We ToneCheck Famous Speeches: Confusion Ensues
Do you ever have that feeling where you’re staring at an e-mail, mouse over the send button, unsure that this really conveys the message you want to send. Maybe your phrasing is a bit off. You wouldn’t want someone to get the wrong idea, after all. You don’t want a giant conflict to arise that was all the result of a simple misunderstanding. If only there were some sort of program that could check to make sure the tone of your e-mail is appropriate.
And now there is, kind of. Lymbix, a Canadian tech startup, has launched ToneCheck today. It’s a program that runs through Microsoft Outlook, which I just discovered is really aggravating, and it sifts through your e-mail like a spell-check, telling you if something might be too sad or too angry. In theory.
In practice, it’s HILARIOUSLY WRONG VERY OFTEN! And even when it’s right, there’s hilarity to be found in having it analyze the tone behind some of the greatest and worst speeches of all time. We happen to have documented instances of both kinds of hilarity. Let it begin!
The Miss South Carolina Maps Speech – WATCH HERE:
“I personally believe, that U.S. Americans, are unable to do so, because uh, some, people out there, in our nation don’t have maps. and uh… I believe that our education like such as in South Africa, and the Iraq, everywhere like such as… and, I believe they should uh, our education over here, in the U.S. should help the U.S. or should help South Africa, and should help the Iraq and Asian countries so we will be able to build up our future, for us.”
First of all, you may have noticed that ToneCheck won’t let you change the size of the window. Seriously?
Anyway, this analysis is mostly fine and you can start to see that the algorithm, while simplistic, has the potential to work. And as you watch the video, you can really see these emotions in Miss South Carolina’s face. Especially the tremors of fear expressed as she mentions the Iraq. Seriously, ToneCheck? Every mention of Iraq is fearful, or is it just the Iraq?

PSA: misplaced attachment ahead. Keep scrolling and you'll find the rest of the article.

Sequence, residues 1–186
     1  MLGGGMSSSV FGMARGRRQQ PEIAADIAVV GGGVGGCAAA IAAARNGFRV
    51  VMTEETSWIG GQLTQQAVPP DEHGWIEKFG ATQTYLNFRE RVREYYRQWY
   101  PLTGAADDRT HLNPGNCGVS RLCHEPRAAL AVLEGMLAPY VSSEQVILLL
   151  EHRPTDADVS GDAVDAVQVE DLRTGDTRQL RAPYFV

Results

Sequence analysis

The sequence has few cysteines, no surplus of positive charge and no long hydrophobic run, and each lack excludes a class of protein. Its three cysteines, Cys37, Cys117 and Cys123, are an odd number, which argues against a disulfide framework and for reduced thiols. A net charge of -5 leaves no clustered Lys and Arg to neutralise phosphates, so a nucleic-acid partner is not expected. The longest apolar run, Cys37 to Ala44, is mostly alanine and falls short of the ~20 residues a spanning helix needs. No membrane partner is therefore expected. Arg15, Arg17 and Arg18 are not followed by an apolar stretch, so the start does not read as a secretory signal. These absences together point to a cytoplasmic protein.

Sarah Palin’s Tweets:
We gave ToneCheck these two tweets to analyze:
Peace-seeking Muslims, pls understand, Ground Zero mosque is UNNECESSARY provocation; it stabs hearts. Pls reject it in interest of healing
“Refudiate,” “misunderestimate,” “wee-wee’d up.” English is a living language. Shakespeare liked to coin new words too. Got to celebrate it!
Well, it looks like ToneCheck actually did a good job here. But one has to wonder about the efficacy of a tweet that proceeds from affectionate to contented to humiliating to angry. You’re pretty sneaky there, Palin. You lead off with the love but then attack with the angry heart-stabbing imagery.
The Speech From Independence Day:
“Good morning. Good morning. In less than an hour, aircraft from here will join others from around the world, and you will be launching the largest aerial battle in the history of mankind. Mankind, that word should have new meaning for all of us today. We can’t be consumed by our petty differences any more. We will be united in our common interest. Perhaps it’s fate that today is the 4th of July, and you will once again be fighting for our freedom. Not from tyranny, oppression, or persecution, but from annihilation. We’re fighting for our right to live, to exist — and should we win the day, the 4th of July will no longer be known as an American holiday, but as the day when the world declared in one voice, ‘We will not go quietly into the night! We will not vanish without a fight! We’re going to live on, we’re going to survive.’ Today we celebrate our independence day!”